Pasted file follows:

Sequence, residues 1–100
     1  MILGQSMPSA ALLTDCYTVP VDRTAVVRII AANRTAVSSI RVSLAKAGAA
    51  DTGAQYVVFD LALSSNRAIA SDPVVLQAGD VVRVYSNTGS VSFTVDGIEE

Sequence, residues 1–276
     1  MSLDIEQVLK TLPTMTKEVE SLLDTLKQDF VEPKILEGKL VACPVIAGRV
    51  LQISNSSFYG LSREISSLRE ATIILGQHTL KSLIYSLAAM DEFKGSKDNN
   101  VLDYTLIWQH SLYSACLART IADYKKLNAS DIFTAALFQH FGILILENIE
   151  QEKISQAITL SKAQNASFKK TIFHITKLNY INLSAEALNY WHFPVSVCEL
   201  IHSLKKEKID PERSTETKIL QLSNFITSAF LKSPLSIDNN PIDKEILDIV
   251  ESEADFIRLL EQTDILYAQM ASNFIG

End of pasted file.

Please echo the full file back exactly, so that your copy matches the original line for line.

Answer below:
Sequence, residues 1–100
     1  MILGQSMPSA ALLTDCYTVP VDRTAVVRII AANRTAVSSI RVSLAKAGAA
    51  DTGAQYVVFD LALSSNRAIA SDPVVLQAGD VVRVYSNTGS VSFTVDGIEE

Sequence, residues 1–276
     1  MSLDIEQVLK TLPTMTKEVE SLLDTLKQDF VEPKILEGKL VACPVIAGRV
    51  LQISNSSFYG LSREISSLRE ATIILGQHTL KSLIYSLAAM DEFKGSKDNN
   101  VLDYTLIWQH SLYSACLART IADYKKLNAS DIFTAALFQH FGILILENIE
   151  QEKISQAITL SKAQNASFKK TIFHITKLNY INLSAEALNY WHFPVSVCEL
   201  IHSLKKEKID PERSTETKIL QLSNFITSAF LKSPLSIDNN PIDKEILDIV
   251  ESEADFIRLL EQTDILYAQM ASNFIG